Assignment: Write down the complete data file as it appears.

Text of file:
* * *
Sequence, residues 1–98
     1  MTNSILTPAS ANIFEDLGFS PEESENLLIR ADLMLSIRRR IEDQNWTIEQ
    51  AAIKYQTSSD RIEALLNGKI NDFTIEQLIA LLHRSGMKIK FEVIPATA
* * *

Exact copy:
Sequence, residues 1–98
     1  MTNSILTPAS ANIFEDLGFS PEESENLLIR ADLMLSIRRR IEDQNWTIEQ
    51  AAIKYQTSSD RIEALLNGKI NDFTIEQLIA LLHRSGMKIK FEVIPATA